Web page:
Honor Living: How the Moral Absolutes Elevate Human Life

Omni-Mandalay HotelOn the evening of January 1st, 2008, at approximately 7:30pm, a call came in to the Irving, TX, 911 emergency response line. A female voice came screaming onto the line, “Help me … my dad shot me and now I’m dying!”

The caller was 17-year-old Sarah Said. She and her sister Amina, 18, had been shot multiple times in a taxi cab which had been abandoned at the service entrance of the nearby Omni Mandalay hotel. Amina was incapacitated instantly, but Sarah had been able to make this one call before the ninth shot unloaded into her body silenced her voice for good. It is believed with good evidence that the girls’ father, Yaser Abdel Said, an Egyptian-born Muslim who was working as a taxi-driver at the time, is the perpetrator. The girls, both of whom had American boyfriends, had previously fled home with their mother and had been resisting his plans to “sell” them as wives to men of his choosing in Egypt. Said has not been seen since, and is wanted by the FBI. [Read more...]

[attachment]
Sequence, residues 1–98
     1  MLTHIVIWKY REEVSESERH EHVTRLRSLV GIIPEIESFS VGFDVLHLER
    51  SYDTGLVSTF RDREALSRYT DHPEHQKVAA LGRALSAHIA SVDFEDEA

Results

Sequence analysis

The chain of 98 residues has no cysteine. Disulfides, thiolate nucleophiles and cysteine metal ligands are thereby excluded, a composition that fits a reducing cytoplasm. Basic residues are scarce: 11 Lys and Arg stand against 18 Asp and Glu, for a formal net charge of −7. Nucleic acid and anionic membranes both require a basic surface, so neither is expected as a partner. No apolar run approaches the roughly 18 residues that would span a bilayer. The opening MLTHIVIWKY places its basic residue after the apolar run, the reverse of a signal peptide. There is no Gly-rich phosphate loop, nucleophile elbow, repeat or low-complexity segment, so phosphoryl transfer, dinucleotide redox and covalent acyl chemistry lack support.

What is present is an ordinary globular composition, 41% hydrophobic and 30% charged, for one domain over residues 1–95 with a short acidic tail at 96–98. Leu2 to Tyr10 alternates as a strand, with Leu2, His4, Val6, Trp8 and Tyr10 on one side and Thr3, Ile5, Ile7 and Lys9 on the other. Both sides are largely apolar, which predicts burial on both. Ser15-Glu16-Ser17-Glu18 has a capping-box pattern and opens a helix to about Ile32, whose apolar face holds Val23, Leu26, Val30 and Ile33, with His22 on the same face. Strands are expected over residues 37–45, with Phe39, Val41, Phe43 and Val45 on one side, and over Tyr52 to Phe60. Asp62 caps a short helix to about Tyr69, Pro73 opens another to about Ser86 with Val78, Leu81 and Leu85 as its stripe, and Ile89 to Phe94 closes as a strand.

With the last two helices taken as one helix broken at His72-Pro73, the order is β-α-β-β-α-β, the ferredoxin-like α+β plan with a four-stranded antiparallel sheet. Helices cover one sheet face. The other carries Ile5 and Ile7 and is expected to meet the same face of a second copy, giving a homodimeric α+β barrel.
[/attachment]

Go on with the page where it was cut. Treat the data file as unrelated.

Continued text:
Why should I believe something?

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People believe all sorts of things. Some believe in aliens, while others don’t. Some believe in global warming, while others don’t. Some believe in evolution, while other’s don’t. Some believe in a God or gods, while others do not. Why the disagreement, given there are certainly people of good intention and intellect on either side of many important issues? Why should we believe something? [Read more...]

Is Believing in Absolute Truth Narrow-Minded or Intolerant?

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The objection of Christians being intolerant or narrow-minded is one of the more popular charges thrown down when discussing some of the moral issues of our day. Christians in many cases, are painted with broad strokes to be the “horse with blinders on its eyes, limiting its vision of the world; or that of an ostrich with its head buried in the sand, completely oblivious to the surrounding world.”[1] But is this true?